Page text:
So this other day I was watching an episode of Monty Python and a particular quote by John Cleese stuck with me. It goes something like this,” If I can get you to laugh with me, you like me better, which makes you more open to my ideas. And if I can persuade you to laugh at a particular point I make, by laughing at it you acknowledge its truth.”
Satire opens up peoples mind to points and facts that they might have otherwise rejected outright. By bringing emotional humor into the picture, we shed light onto issues that otherwise remain shrouded. Therein lays the tremendous value of satire and sarcasm. It is a fun way to criticize the societal norms and slowly point out that obstinate and inept rules need to be changed. The Daily Show, The Colbert Report and even immature shows like South Park or Family Guy exemplify this perfectly. These shows have addressed some of the most sensitive topics with a hilarious take and come out victorious by generating awareness amongst its audience. From gay rights to the right to bear arms, from moot issues of politics to the omnipresent question of what came first: the chicken or the egg, all these subjects have been dealt with accurately. Back home, the faking news and Mr. Cyrus Broacha have been trying to fire-start, inform and challenge stringent ideas of politics and daily happenings in our country. Moreover, if you follow them regularly, you will be blown away by the sheer simplicity with which they present some of their views. And I personally believe that satire is a necessary ingredient to shape up the ideologies of the society. It is not always that violence or for that matter, non-violence can help oppose a prevalent idea. Sometimes, an opinion of the funny man can make you pause to reflect and reconsider. It is in these self-introspection phases that you will see the brilliance of such a fragile system.
It seems to me that we are increasingly becoming a bi-polar society with such extreme views that anything and everything seems to hit the bull’s eye. Any opinion put forward is ridiculed and every other day seems to throw up some deep-seated anger that morphs into rebellion. Out of all these zones, political imprudence reaches out to the maximum number of audience. And as long as the political systems fail to deliver, mockery will never stop. Why not, I say. If we can laugh out the follies, as Aristotle put it so eloquently, then why ban them out of existence. The mere fact that satire exists points to a free society. And in a revolutionized era where the basic human rights include freedom of speech, it is hypocritical of us to even expect that humorous takes on every topic are not required. You do not like it, do not watch or preach about it. Its as simple as that.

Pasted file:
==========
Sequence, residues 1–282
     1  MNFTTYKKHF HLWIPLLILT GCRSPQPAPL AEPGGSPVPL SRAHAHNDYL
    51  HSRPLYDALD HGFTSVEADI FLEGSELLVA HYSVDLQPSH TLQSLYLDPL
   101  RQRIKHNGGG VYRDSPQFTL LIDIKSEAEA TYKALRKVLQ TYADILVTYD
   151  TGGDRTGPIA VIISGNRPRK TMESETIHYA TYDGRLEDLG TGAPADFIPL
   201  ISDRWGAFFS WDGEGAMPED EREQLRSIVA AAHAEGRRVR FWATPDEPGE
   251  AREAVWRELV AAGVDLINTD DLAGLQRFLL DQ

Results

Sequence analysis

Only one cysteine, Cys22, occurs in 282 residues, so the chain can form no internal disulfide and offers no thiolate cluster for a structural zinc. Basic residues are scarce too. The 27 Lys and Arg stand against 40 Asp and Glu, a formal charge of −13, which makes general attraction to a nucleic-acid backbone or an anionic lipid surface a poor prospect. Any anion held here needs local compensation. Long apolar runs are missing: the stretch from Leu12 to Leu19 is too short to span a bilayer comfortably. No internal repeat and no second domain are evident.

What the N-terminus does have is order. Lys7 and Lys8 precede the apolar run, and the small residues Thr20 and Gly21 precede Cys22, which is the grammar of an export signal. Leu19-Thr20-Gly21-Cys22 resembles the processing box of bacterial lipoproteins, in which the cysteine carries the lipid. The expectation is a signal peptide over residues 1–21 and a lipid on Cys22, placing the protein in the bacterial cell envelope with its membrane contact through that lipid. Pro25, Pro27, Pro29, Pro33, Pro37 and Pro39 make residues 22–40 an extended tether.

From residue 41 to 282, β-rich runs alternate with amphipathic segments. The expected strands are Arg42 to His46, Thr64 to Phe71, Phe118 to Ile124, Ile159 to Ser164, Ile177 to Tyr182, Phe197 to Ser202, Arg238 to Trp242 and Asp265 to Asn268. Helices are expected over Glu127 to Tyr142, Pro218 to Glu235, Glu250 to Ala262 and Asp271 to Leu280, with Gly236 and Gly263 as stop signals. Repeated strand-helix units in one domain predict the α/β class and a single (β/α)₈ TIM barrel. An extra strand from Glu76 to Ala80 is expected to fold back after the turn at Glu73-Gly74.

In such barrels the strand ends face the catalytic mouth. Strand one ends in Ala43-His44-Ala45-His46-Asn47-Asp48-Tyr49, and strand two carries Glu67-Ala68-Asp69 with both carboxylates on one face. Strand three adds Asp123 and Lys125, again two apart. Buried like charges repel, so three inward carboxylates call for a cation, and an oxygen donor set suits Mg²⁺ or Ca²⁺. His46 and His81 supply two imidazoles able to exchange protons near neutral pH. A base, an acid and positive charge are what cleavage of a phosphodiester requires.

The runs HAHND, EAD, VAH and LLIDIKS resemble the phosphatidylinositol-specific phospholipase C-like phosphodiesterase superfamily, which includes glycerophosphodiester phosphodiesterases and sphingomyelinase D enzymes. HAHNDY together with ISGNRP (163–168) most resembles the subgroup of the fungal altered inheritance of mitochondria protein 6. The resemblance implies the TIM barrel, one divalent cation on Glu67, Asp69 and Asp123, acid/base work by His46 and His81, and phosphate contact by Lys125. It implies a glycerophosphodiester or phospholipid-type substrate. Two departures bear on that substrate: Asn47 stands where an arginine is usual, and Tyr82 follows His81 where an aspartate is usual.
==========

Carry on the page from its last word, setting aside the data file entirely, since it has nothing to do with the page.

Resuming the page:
There was a quote I found on the internet that perfectly described the current scenario of the world, “The eruption of war after futile war, the abandonment of constitutional norms, the bungling of espionage agencies, the damage inflicted on the environment, and the Orwellian, murderous world of strutting dictators.” Living a calculated life that we do, what is the harm in bringing a satirical angle to it all. Ignorance breeds intolerance. But because it is aimed at popular theories and dogmas, these comical incursions are bound to be discouraged by a select few. The problem arises when these select few appear to be stronger than a faction of satirical people. Though the new society has shown promising response and this category is slowly blossoming, there is still a long way to go. And like all great stories ever told and all the inspiring speeches delivered, this is just another tool to inspire and educate the masses.
Idler, bibliophile, side-spectator, day dreamer and an engineering student trying to find something she is good at. An average girl with high hopes and even bigger ambitions.